During the Transition Period, a disposal of Indian shares by a Mauritius company will be subject to Indian capital gains at 50% of the standard domestic Indian tax rate, if the seller satisfies the requirements of the new limitation of benefits (“LOB”) article of the Tax Treaty, discussed below.
From the beginning of the Implementation Period, the LOB provisions will no longer apply and Indian capital gains tax at 100% of the Indian domestic rate will apply to gains from the disposal of shares of Indian companies acquired by a Mauritian resident company on or after 1 April 2019.
During the Transition Period, in order for the rate of Indian capital gains tax to be reduced to 50% of the Indian domestic rate, Mauritian companies must meet a number of reasonably demanding requirements, which aim to prevent the use of holding companies in Mauritius for treaty shopping purposes. Companies who are tax resident in Mauritius must meet (i) a main purpose test; and (ii) a bona fide business test in order to satisfy the requirements of the new LOB article. The Press Release states that a company tax resident in Mauritius will not be considered to have satisfied the LOB article’s requirements if that company’s “total expenditure on operations in Mauritius is less than Rs. 2,700,000 [around £27,935]… in the immediately preceding 12 months”.
In addition to the Protocol, as part of tax based measures to boost growth set out in India’s recently announced 2016-2017 budget, the government reiterated its commitment to implement general anti-avoidance rules (“GAAR”), which were introduced by the Indian Finance Act 2013 but have been deferred until 1 April 2017. The policy incentive behind GAAR is similar to that behind the Protocol and is in line with the wider aims of BEPS to homogenise taxation policy and to ensure that companies are responsible for taxation generated by their activities where those activities are carried out. With GAAR set to come into force at the same time as the Transition Period, companies structured in order to take advantage of the current Indian tax legislation should investigate how the reforms are likely to impact their business model.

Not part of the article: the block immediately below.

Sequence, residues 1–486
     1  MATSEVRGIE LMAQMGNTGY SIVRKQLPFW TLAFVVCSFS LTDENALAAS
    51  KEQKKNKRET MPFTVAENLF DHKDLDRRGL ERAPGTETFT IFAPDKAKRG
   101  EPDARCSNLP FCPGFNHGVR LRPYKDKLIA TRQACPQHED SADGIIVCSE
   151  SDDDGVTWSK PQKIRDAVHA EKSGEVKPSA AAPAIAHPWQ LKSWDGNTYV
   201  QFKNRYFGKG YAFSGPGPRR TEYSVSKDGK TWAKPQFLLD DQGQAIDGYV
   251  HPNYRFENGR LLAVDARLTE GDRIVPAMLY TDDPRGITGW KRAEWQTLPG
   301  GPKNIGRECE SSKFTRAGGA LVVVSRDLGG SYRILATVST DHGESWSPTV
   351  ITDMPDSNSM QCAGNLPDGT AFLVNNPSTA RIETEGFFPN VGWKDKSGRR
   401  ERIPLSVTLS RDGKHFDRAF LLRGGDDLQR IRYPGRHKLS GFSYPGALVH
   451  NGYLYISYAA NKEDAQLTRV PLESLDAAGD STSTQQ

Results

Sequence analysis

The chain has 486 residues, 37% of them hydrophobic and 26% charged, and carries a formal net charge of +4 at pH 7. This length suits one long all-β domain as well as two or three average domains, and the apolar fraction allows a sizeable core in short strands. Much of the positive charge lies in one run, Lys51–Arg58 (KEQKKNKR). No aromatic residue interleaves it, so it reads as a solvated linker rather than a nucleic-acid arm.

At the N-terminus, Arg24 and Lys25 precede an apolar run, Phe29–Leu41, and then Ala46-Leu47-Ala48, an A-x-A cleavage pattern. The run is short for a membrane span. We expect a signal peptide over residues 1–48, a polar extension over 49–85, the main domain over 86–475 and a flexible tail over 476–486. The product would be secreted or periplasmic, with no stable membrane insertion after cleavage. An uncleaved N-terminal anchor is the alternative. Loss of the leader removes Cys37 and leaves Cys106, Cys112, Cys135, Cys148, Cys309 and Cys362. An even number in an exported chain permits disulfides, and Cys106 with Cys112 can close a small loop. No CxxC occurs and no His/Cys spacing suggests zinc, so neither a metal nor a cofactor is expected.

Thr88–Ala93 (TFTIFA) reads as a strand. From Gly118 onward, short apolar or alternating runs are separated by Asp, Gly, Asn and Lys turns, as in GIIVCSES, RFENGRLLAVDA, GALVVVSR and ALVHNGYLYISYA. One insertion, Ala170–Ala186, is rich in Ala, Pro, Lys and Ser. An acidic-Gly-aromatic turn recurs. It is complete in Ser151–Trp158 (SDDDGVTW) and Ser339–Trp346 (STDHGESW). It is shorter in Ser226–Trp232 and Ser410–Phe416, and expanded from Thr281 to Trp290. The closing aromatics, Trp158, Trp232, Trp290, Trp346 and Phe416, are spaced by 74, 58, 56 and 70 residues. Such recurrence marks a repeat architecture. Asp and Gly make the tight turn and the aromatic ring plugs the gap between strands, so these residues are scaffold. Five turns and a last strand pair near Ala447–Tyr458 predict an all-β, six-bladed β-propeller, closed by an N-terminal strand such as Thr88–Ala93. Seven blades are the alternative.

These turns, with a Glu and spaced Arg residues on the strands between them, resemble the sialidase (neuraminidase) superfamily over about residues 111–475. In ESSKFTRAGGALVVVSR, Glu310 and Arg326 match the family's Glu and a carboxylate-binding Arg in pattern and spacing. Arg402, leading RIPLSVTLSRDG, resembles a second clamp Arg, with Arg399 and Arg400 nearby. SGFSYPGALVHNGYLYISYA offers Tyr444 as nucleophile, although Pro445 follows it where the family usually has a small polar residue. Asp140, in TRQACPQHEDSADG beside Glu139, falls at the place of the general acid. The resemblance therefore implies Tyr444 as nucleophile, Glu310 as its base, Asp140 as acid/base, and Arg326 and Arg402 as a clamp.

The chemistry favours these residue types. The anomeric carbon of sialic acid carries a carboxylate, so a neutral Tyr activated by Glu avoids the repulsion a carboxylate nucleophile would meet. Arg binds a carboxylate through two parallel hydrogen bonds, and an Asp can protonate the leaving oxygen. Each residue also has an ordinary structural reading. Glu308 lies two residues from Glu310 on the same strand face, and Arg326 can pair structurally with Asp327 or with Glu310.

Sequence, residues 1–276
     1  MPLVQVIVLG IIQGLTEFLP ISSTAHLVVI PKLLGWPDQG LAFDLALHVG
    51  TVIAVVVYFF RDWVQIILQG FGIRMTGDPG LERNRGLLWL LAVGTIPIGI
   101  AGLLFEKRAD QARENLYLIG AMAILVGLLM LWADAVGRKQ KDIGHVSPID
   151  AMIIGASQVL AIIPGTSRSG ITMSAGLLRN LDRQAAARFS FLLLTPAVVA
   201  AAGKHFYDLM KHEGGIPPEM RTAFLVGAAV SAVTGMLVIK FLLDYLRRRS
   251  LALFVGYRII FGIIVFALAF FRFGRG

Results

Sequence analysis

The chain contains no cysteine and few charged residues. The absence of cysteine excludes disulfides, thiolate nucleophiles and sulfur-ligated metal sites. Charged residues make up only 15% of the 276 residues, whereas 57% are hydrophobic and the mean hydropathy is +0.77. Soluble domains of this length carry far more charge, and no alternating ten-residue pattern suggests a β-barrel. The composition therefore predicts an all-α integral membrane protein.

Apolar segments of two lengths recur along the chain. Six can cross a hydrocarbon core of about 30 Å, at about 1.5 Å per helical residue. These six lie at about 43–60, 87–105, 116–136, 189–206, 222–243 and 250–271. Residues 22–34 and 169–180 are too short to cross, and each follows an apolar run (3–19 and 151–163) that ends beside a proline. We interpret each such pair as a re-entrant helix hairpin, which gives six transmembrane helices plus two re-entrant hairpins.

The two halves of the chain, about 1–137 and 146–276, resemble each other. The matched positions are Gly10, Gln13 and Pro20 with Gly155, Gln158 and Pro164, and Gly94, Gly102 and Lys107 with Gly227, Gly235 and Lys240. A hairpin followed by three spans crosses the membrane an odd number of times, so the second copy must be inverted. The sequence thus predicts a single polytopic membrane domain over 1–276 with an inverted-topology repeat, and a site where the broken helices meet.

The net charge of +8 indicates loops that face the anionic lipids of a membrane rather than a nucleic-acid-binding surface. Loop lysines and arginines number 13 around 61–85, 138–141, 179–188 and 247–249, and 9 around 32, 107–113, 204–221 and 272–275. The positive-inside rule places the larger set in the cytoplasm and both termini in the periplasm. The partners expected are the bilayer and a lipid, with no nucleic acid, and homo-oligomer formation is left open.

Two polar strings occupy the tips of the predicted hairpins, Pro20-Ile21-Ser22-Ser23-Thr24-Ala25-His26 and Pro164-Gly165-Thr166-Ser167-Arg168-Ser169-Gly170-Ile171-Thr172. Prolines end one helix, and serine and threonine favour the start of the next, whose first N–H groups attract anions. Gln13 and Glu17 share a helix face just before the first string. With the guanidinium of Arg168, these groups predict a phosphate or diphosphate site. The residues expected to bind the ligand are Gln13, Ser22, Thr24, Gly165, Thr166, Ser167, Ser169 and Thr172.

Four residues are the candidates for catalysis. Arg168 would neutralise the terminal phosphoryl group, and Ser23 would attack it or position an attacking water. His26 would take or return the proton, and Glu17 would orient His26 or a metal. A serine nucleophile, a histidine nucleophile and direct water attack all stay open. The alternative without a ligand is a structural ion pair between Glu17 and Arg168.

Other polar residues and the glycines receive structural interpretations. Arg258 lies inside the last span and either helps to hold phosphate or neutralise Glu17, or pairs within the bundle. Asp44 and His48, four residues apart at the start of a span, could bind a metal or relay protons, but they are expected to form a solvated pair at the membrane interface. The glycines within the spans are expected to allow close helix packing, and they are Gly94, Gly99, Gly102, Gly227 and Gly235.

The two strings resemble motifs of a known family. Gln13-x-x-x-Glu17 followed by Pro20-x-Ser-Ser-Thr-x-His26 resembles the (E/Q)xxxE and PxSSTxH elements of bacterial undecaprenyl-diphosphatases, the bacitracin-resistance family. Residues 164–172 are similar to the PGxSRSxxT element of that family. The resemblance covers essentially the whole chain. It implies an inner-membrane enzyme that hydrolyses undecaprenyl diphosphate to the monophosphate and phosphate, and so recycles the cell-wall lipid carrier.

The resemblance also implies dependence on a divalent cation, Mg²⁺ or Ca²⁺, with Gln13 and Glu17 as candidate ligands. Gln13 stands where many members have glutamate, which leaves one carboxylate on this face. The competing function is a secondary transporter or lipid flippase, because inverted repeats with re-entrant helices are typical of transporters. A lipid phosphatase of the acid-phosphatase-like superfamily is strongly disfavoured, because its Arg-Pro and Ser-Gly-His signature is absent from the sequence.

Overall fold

India-Singapore Tax Treaty
A tax treaty was also entered into between India and Singapore in 1994 (the “India-Singapore Treaty”). The India-Singapore Treaty prevents India from taxing capital gains derived by residents of Singapore from the disposal of Indian shares. Article 6 of the protocol to the India-Singapore Treaty states that exclusive residence country taxation in respect of such gains will apply while the Tax Treaty with Mauritius continues to provide for the same. The amendments to the taxing rights regarding capital gains brought about by the Protocol to the Tax Treaty with Mauritius may therefore mean that the India-Singapore Treaty will also no longer provide for exclusive residence country taxation regarding capital gains on shares. In response to queries over the status of the India-Singapore Treaty, Indian officials have stated that this treaty is being renegotiated, a process which can take a significant amount of time and may mean a period of uncertainty for investors.
The changes to the Tax Treaty through the Protocol form part of a wider tax reform effort to clamp down on tax avoidance in India. With the forthcoming impact of GAAR already having an effect on FDI into India, it is likely that further movement will be seen as a result of the Protocol. Whilst the long term impact of the Protocol and the enactment of GAAR on FDI into India is likely to bring the Indian economy further into line with other global economies and homogenise the environment for FDI, a period of uncertainty for companies investing in India and operating in Mauritius is likely, until the effects of GAAR and the Protocol are fully understood.
It is likely that a number of investors benefitting from the Tax Treaty and the India-Singapore Treaty will begin to look elsewhere for treaties which offer similar tax protections. Very few treaties with India offer exemptions from Indian tax on capital gains in the same way as the Tax Treaty and the India-Singapore Treaty. Investors may begin to consider the Netherlands as an alternative to Mauritius or Singapore as the tax treaty between India and the Netherlands contains provisions which allow companies resident in the Netherlands to avoid Indian capital gains tax on a disposal of Indian shares to non-residents and to residents and non-residents if the transferor holds a total of no more than 10% of the shares in the Indian company.